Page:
We would characterize the tenor of gold markets during the week of 4/8 as modestly disappointing. “Modestly,” because spot gold traded essentially flat, declining 0.1% to $1,290.35, in concert with flat 10-year Treasury yields (down 1 basis point). “Disappointing,” because gold’s mid-week surge to $1,310.69 petered out by week’s end, despite a (weekly) decline of 0.5% for the U.S. Dollar Index (DXY).
On the bright side, physical demand in global gold markets remained strong, with measured A.M. Indian ex-duty premiums (see Paper Tiger) averaging $8.92 for the week. As the gold price has oscillated around the high-profile $1,300 level throughout 2019, it has become increasingly apparent that strong demand from Eastern (physical) markets below $1,300 is roughly offsetting a lack of urgency in Western (paper) markets above that price point. Pure and simple, potential new highs for the S&P 500 Index are always tough competition for gold enthusiasm in Western asset markets.
Because relevant gold fundamentals are predominantly long-term in nature, aligning their incremental progress with short-term price movements is always a frustrating endeavor. As with most long-term investment theses, gold investors can never confuse “inevitable” with “imminent.” Along these lines in recent weeks, gold has remained essentially range bound despite a backdrop of increasingly dovish official monetary signals. To date, investors have judged equities to be the default beneficiary of a synchronized global central bank pivot away from tightening bias. The Teflon buoyancy of U.S. equities has been especially vexing to us because the current episode of Fed policy softening appears to be developing into something far more dramatic than a traditional rate-hike swivel.
On 4/9, the Fed kicked off a telegraphed year of self-examination with Vice-Chair Richard Clarida’s keynote speech at the Minneapolis Fed entitled The Federal Reserve’s Review of Its Monetary Policy Strategy, Tools, and Communication Practices. Mr. Clarida’s three-part query focused on whether the Fed should a) temporarily permit higher-than-2% inflation (to compensate for prior years below the Fed’s target), b) expand its toolkit to boost the U.S. economy, and c) reassess appropriate transparency in public communication.
Given outstanding global debt levels, we are willing to concede that the Fed should logically consider its congressional mandate for stable prices (0% inflation) a bit too-close-for-comfort to actual deflation. But are investors now expected to accept that inflation even higher than the Fed’s self-appointed 2% target will also be a good thing? Cursory review of toolkit additions now rumored for Fed consideration should make any investor queasy. Prior to joining the Fed, Mr. Clarida had espoused capping long-term Treasury rates a la Japan, a concept now squarely under FOMC consideration. The panoply of academic options now being projected into FOMC discussion apparently includes direct Fed lending to state and local governments, as well as households and small businesses. The Fed might also endeavor to depreciate the U.S. dollar through purchases of foreign currencies or hard assets such as real estate or precious metals (why not—other central banks are doing it).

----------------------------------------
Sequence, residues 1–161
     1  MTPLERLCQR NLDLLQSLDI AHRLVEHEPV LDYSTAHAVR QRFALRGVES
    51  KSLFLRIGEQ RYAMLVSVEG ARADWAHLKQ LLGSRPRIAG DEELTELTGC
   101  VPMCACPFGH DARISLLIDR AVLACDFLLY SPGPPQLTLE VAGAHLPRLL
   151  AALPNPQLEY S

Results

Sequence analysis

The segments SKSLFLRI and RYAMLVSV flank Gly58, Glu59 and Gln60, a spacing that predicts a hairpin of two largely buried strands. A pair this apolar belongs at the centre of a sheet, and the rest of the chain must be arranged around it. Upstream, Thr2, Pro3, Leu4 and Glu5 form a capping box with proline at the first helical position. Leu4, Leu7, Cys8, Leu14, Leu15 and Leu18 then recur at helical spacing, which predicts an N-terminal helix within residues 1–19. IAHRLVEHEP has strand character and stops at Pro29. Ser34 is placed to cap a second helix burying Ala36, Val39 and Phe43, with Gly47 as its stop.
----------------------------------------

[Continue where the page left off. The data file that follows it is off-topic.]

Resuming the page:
Figure 1: Richard Clarida’s Proprietary Formula for Labor’s Share of U.S. National Income (4/03/1952 - 4/15/2019)
Source: U.S. Department of Labor, Bureau of Economic Analysis, Bloomberg
The Fed even appears to be considering income equality for addition to its self-appointed list of responsibilities. One of the panel discussions at the Fed’s 4/9 Minneapolis policy confab explored impacts of monetary policy on workers’ participation in GDP growth. During prior employment as Global Strategic Advisor to PIMCO, Mr. Clarida had developed a personal, proprietary model to estimate “the share of labor compensation in national income.” Mr. Clarida’s formula is 100 x (Household and Nonprofit Employee Compensation + 50% of Proprietor Income) / Ratio of GDP to National Income). As Bloomberg has memorialized in Figure 1 (4/15), “Rich’s Ratio” of labor participation in national income since the financial crisis has woefully lagged prior economic expansions. Governor Clarida beamed with pride from the Minneapolis audience as his proprietary formula was referenced, “I’ve been thinking for several years about this...so I’m really delighted that folks are thinking about it now.”
Figure 2: Federal Reserve Regional Bank Presidents (12/23/1913)
Photo by Harris & Ewing
Truth be told, we are encouraged that Fed stewards may finally be recognizing the contributions of QE and ZIRP to escalating imbalances in the U.S. financial system. True to form, however, our contemporary monetary mandarins, rather than scaling back their interference in free markets, appear to be focused on widening their toolkit to address economic problems at least partially of their own making. We would assume that original Regional Bank Presidents of the Federal Reserve, pictured in Figure 2, would hardly have approved. In due course, we expect gold to concur.